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Scherenschnitte Illustrations
Scherenschnitte is a German word meaning  "scissor-cut."

 

The intrusive copyright notices you see on this page are necessitated by the large number of laser-cut, die-cut, and otherwise mass produced forgeries and copies now flooding the market from China.

 

 

The originals pictured here are unique and one-of-a-kind.

 

They consist of single sheets of hand-cut black paper, sometimes with small bits of colored paper mounted behind. 

 

All the black of each image is one continuous piece.

"Eyes"

"Green Carnation"

 

Artistically, Kerry likes to include single elements of color in some of her works, and also enjoys finding ways to make cut paper express motion, and mood.  She is interested in exploring the interplay of light and shadow, the weight and solidity of darkness, the fragile openness of light.  When cutting scherenschnitte, the darkness gives you something to hang on to -- literally.  But what is cut away is empty, and easily torn, so that the challenge is always to cut things in the right order.  Scherenschnitte projects are drawn first, and then the order of what is cut first and last is carefully strategized.  As the work becomes more and more fragile, still you must have something to hold on to in the end.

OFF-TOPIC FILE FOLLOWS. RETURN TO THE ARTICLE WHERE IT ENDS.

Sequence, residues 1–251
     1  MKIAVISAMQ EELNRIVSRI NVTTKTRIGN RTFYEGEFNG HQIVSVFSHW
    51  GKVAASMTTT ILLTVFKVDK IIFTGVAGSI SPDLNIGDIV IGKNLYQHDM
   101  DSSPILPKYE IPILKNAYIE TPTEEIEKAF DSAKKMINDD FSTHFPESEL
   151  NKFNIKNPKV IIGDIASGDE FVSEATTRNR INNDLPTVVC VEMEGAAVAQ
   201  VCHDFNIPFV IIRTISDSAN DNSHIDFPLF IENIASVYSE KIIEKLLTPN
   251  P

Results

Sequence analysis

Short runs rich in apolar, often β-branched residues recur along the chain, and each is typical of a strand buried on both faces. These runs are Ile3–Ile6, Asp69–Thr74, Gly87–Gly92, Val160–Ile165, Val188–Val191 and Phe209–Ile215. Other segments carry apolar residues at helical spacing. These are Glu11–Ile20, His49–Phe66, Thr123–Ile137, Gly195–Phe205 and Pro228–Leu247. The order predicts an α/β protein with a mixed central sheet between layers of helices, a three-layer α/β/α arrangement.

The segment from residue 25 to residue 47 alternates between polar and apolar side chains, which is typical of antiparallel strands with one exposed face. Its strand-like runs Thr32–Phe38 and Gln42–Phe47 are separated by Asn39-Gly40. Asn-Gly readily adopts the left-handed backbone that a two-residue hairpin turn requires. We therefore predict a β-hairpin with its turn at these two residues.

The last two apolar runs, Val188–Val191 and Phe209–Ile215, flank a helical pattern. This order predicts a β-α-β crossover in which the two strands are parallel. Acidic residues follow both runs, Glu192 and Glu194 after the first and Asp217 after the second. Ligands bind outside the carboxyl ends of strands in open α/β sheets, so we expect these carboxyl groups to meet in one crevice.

The construction of every scissor-cut piece offers a completely unique puzzle.

 

"Sunlight at Knossos" "Parthenon Infinity"

 

 

The Floating Palace at Sunset depicts an old folk tale about an enchanted palace, the work of a djinn.  This was the most wonderful palace anyone could ever wish for ... except for one thing:  The palace wasn't attached to the ground.  This fact could be noticed at sunset, when the rays of the setting sun shone briefly underneath. 

 

The genie's magic came with the proviso
that if anyone should ever mention the fact that the palace was floating, it would disappear forever. 

 

Most scherenschnitte are made up of single, continuous sheets of paper.  The Floating Palace at Sunset is unusual in that it is made of two pieces, and not connected in the middle.  A split runs right through the center, at the place where the sunset light shines under the palace.

 

 

"The Floating Palace at Sunset"

 

 

 

Copyright  2010 Kerry J. Cook
All Rights Reserved